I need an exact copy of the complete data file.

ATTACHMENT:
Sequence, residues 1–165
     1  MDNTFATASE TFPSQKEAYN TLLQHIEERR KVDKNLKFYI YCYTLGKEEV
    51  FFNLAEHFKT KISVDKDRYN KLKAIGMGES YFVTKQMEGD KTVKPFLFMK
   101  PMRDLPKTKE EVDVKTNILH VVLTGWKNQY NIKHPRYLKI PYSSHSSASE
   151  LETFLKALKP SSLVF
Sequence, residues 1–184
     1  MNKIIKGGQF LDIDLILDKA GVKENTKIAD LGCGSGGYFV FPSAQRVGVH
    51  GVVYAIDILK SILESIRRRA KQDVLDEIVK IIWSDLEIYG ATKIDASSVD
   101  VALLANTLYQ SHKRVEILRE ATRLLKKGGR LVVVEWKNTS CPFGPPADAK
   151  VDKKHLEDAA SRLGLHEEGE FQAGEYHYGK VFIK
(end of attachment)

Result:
Sequence, residues 1–165
     1  MDNTFATASE TFPSQKEAYN TLLQHIEERR KVDKNLKFYI YCYTLGKEEV
    51  FFNLAEHFKT KISVDKDRYN KLKAIGMGES YFVTKQMEGD KTVKPFLFMK
   101  PMRDLPKTKE EVDVKTNILH VVLTGWKNQY NIKHPRYLKI PYSSHSSASE
   151  LETFLKALKP SSLVF
Sequence, residues 1–184
     1  MNKIIKGGQF LDIDLILDKA GVKENTKIAD LGCGSGGYFV FPSAQRVGVH
    51  GVVYAIDILK SILESIRRRA KQDVLDEIVK IIWSDLEIYG ATKIDASSVD
   101  VALLANTLYQ SHKRVEILRE ATRLLKKGGR LVVVEWKNTS CPFGPPADAK
   151  VDKKHLEDAA SRLGLHEEGE FQAGEYHYGK VFIK